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Osteoarthritis

Class project for PhysDys
by

Peggy Bates

on 12 February 2013

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Transcript of Osteoarthritis

Osteoarthritis About the Disorder Case Study OT Treatment Plan What is it? Osteoarthritis is a degenerative joint disorder caused by aging and wear and tear that affects 27 million Americans Why does it happen? As people age, cartilage breaks down, wears away and bones begin to rub together Long term goals Client will be independent in bathing and dressing.

Client will increase wrist ROM by 10-15 degrees in order to prepare a light meal with setup or supervision. How do you know if you have it? Joints crackling
Crepitation
Swelling
Limited range of motion
X-rays Symptoms of OA Pain

Swelling

Stiffness of Joints Diagnosis Right Forearm/Wrist Osteoarthritis with a Triangular Fibrocartilage Complex tear How do we do it? Why we do it Short term goals Client will demonstrate a good working knowledge of compensatory techniques in order to be modified independent in bathing, and dressing.
Client will reduce pain and edema in order to be modified independent in bathing and dressing.
Client will increase wrist ROM by 5-10 degrees in order to prepare light meal with moderate assistance.
Client will demonstrate good working knowledge and use of joint protection techniques in order to reduce pain from 7/10 to 5/10 during ADLs. Treatment session
Edema management for 10 minutes using cold packs
Pain management for 10 minutes using retrograde massage
Increasing ROM for 10 minutes using AAROM and 10 minutes using AROM
I would begin session with client in seated position at table on an elevated, cushioned foam wedge, hand in elevated position. Place ice pack on covered, affected area for 10 minutes. After icing, I would provide retrograde massage for 10 minutes, placing the fingers higher than the elbow. Massaging each fingertip toward the forearm in one continuous motion will move the fluid back toward the heart and stimulate the superficial lymphatic system. After massage, I would place a compression glove on the hand with Velcro straps on the tips and ask the client to pull the digits down as far as they could, while flexing the wrist, no more than 5-10 degrees, prior to feeling pain. Remove glove and continue client’s position, eliciting wrist and finger AROM from the client by demonstration.

Education for 10 minutes on wound care
Education for 10 minutes on Joint protection
During this time I would provide client with information that would help them to understand and practice healthy wound care, including pros and cons, infection control, healing process, normal expectations, products to use and avoid and how to protect area. I would request that the client repeat instructions and information so that I was confident that they were leaving with the correct information. I would also provide information in the form of handouts, including websites addresses. For joint protection I would provide information about what joint protection is, the importance of protecting all joints, and when to protect them. Due to the additional diagnosis of osteoarthritis, I would provide supplemental information about preventing further injuries as well as an overview of the disorder itself. Strengths -Independent in all ADLs before surgery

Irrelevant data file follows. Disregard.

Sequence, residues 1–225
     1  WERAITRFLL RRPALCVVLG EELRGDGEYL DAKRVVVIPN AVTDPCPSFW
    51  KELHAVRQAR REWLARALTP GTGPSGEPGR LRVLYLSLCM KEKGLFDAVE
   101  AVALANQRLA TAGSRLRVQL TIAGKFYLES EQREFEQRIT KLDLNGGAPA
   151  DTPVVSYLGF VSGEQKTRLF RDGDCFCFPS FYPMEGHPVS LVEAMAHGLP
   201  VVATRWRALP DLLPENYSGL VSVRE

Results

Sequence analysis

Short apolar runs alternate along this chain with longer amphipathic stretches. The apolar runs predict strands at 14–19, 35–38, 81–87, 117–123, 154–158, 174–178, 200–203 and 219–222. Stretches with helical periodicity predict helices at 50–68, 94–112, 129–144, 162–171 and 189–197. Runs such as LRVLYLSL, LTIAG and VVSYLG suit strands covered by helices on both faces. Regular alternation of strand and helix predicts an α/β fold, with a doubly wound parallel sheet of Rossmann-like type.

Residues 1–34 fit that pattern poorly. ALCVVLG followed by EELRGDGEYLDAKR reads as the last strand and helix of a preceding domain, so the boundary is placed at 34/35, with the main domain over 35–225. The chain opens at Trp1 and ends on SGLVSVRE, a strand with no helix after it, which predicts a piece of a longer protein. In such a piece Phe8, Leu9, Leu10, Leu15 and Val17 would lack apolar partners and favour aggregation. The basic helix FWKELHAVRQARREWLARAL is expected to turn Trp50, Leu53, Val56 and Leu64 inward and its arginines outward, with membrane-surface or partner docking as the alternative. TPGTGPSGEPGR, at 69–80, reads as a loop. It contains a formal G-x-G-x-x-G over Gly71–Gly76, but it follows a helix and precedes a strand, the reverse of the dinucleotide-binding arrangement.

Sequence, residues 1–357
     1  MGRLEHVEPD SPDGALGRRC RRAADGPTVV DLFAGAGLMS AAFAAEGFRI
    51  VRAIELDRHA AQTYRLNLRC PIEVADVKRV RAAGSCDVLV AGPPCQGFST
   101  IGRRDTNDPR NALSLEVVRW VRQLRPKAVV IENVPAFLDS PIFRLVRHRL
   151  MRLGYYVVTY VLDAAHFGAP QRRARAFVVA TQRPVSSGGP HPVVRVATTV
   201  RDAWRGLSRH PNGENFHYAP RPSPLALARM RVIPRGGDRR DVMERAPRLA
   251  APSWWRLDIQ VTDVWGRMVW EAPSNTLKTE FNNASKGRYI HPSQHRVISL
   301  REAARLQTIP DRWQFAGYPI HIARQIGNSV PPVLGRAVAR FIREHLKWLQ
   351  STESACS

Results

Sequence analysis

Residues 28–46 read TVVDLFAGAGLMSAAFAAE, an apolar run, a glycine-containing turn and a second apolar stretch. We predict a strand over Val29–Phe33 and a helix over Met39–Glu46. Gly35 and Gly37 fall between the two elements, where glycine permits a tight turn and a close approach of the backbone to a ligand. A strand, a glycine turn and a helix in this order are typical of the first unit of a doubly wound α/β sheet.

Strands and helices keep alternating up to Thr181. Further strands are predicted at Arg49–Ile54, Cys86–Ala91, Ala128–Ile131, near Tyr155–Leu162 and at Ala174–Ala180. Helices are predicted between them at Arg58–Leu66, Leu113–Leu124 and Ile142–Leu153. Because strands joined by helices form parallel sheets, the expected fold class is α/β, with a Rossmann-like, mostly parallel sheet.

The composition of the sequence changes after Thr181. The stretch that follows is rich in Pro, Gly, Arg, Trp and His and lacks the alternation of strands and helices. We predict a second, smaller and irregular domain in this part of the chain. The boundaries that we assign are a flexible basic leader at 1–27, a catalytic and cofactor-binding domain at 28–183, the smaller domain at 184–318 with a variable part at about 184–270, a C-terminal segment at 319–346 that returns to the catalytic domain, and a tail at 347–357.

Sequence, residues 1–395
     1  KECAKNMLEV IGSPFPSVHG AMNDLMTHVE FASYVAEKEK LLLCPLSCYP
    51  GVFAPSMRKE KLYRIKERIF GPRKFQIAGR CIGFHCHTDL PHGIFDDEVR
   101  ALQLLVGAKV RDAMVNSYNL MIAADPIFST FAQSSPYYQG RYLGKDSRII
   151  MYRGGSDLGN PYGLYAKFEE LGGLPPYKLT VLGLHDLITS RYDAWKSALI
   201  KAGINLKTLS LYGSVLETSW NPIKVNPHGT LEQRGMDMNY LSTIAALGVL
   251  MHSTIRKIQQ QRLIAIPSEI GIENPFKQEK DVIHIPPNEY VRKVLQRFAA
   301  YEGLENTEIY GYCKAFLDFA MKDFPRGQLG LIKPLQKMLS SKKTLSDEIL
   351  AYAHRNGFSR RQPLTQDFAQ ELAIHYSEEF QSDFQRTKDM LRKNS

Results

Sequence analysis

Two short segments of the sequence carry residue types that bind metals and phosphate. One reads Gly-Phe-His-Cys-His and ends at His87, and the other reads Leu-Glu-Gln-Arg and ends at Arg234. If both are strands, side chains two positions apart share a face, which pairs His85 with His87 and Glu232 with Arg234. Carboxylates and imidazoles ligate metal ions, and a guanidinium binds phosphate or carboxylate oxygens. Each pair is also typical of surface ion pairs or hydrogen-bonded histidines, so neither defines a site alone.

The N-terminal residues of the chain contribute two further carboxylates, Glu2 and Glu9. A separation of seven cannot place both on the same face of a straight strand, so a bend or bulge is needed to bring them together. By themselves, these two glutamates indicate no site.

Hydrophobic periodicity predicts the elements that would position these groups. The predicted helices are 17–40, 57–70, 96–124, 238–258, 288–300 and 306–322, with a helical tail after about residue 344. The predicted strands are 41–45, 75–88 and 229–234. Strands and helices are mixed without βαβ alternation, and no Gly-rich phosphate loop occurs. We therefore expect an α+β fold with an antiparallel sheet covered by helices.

-Motivated for treatment

-Good rehab potential

-Currently using non-dominant hand for some ADLs Bea is a retired, right-hand dominant female with a right hand triangular fibrocartilage complex sprain/tear, specifically the extensor carpi ulnaris, on the dorsum side of the hand. She obtained this injury while washing her hands. She has also been diagnosed with right forearm/wrist osteoarthritis and hand/wrist tenosynovitis, otherwise states good health. Bea Hurton Middle aged men and women are affected equally, however as they age, it is more common in women.


Everyone has some symptoms of osteoarthritis by age 70. Risk Factors Some genetic contribution
Being overweight
Preforming repetitive jobs
Constant direct impact to the joint
Squatting, lifting or kneeling for more than an hour a day No blood test for osteoarthritis Triangular Fibrocartilage Complex One specific tear common in osteoarthritis patients occurs within the Triangular Fibrocartilage Complex or TFCC. The TFCC is a structure found between the distal ulna and the ulnar carpals. It is composed of the articular disc, the meniscus homologue, the ulnar collateral ligament, the volar and dorsal radioulnar ligaments, and the sheath of the extensor carpi ulnaris. What do we do? Training clients how to engage in meaningful activities using adaptive equipment helps them become more independent Maintain or increase ROM, endurance and strength Education about lifestyle changes, protecting joints, energy conservation, healthy diet, and the importance of incorporating rest into schedules. The goal for the osteoarthritis client is to be as independent as they can be without pain.
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